In the morning, I venture on a surreptitious stroll. Prisha and Elora still asleep, the eggs in their makeshift hatchery, the cat tired after birthing four kittens, and Poet still in his basement, I open and close the doors silently. The breeze blows heat already. The street bears the burden of people violating the lockdown in herds. Near the Jain temple south, people from the outskirts have built a temporary market.
People in singlets and shorts or vests and trousers sell green mangoes, watermelons, cabbages, and sweet potatoes in tiny netted sacks to people extending their hands through the rolled down windows of their cars, and to the people like me, jogging, strolling, stumbling, startled because he has never come in this place this early and has not encountered a crowd since the outbreak.
I want a break from Poet’s story and my thoughts, find a bench in the park beside the temple, and the park seems empty because of its vastness, and its dust clouded meadow as its midriff.
I need cuppa tea but dare not tug my plague mask down for a sip. The traveling tea-seller goes ignored, his tin cage of fire and his utensils jingling-jangling. I close my eyes to a memory of when I used to work as a half-hearted legal representative at a collapsible furniture maker.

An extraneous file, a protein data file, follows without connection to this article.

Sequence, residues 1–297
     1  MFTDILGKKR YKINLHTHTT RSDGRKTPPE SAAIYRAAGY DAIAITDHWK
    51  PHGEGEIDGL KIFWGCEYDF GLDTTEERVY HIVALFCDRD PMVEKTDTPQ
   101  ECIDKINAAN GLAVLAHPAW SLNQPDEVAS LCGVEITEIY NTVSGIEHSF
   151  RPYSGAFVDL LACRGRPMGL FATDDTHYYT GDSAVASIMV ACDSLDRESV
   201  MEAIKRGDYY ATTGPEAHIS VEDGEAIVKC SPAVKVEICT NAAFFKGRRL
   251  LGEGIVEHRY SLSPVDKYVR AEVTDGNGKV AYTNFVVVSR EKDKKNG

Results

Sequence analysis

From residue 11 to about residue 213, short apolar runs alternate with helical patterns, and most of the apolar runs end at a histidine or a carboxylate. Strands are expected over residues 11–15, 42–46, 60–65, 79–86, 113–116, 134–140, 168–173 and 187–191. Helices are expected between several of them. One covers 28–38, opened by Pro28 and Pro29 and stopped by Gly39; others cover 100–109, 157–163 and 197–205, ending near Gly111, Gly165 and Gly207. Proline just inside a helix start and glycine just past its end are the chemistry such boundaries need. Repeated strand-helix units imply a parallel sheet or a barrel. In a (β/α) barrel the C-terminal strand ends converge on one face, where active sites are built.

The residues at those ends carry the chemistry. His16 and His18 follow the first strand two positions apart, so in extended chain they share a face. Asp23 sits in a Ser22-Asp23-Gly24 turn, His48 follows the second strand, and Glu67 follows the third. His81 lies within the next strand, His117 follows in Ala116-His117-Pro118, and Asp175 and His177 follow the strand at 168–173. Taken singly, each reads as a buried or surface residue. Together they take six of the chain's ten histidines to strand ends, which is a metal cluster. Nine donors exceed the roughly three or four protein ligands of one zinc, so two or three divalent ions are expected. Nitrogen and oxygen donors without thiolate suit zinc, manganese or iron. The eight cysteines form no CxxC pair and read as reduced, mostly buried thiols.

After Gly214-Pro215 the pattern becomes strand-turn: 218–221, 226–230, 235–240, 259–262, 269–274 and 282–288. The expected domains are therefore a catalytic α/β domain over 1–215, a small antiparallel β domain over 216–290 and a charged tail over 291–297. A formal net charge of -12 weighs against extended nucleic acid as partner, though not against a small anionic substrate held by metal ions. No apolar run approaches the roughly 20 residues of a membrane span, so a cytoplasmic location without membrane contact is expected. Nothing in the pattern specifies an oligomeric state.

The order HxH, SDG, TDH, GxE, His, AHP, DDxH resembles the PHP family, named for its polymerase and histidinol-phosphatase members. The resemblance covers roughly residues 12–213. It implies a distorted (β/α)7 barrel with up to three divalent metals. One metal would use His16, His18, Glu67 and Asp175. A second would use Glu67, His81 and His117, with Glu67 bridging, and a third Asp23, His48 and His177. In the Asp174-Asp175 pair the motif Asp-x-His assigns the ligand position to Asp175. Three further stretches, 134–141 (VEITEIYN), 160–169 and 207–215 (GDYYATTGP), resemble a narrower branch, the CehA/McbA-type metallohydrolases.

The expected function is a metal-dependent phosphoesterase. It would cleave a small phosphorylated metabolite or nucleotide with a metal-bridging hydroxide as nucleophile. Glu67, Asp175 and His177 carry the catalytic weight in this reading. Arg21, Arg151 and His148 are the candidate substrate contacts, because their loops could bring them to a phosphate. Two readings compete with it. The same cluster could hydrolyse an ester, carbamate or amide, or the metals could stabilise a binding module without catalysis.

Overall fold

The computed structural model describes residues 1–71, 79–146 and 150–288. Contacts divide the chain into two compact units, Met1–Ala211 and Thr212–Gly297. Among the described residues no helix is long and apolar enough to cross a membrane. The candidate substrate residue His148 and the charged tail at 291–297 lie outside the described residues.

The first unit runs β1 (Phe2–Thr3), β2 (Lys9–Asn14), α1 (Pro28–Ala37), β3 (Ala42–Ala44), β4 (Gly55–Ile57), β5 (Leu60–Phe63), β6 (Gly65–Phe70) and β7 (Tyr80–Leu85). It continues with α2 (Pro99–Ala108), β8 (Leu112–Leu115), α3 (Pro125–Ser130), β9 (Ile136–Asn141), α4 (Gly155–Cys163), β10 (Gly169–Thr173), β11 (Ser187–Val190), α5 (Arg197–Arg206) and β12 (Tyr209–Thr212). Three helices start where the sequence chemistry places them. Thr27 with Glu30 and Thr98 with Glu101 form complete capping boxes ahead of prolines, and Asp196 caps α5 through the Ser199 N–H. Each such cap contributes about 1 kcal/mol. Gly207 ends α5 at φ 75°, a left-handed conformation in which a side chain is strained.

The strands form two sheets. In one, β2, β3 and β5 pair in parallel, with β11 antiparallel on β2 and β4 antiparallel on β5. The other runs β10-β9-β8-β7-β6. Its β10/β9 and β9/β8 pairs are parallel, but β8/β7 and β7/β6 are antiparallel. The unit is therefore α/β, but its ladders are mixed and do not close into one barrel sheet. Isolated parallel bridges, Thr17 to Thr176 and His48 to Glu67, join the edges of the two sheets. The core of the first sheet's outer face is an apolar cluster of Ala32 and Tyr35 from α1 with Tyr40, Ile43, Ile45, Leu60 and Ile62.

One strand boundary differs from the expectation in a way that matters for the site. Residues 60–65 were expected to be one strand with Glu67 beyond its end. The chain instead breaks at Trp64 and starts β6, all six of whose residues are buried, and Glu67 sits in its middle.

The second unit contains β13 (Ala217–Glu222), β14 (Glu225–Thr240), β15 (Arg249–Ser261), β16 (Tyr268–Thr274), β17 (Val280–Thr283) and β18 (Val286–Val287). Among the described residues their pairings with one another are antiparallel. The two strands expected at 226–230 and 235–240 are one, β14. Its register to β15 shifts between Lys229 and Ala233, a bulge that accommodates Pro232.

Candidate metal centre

I remember a summer we duty-travelled to Japan. I and my business companion were welcomed by a man named Morita who owned a faux-monastery/resort. I keep staring at the toggle the man from the east wore. It sported a rabbit riding the turtle it competed in the fable. While we agreed upon the business terms the summer breeze threshed the adolescence of the nearest maidenhair tree, and Morita told us, Ginkgo trees are ever-youthful, survives hundreds of years, and that we should eye for the long run of our business. I kept my eyes on the Ginkgo that would redeem its grace before the sunrise next, and on Morita’s swaying netsuke, the toggle, the rabbit-on-the-turtle ornament hanging from a sash of his kimono. The rabbit asked the turtle about the pace of their progress; they nodded together that they would finish in the same chronotope, within their lifetime, and that eventually, earth would move on to other races.
I close my eyes.
Morita reminds me –
to meditate one must keep his eyes open.
I wonder how those eggs Elora gathered will open and what will emerge from it. Not for a single moment I doubt that our artificial hatching may fail. How much I may meditate I can never be balanced, aloof to hope, or angry because I feel hopeful about something that does not happen the way I imagine it should.
Photo Nick Victor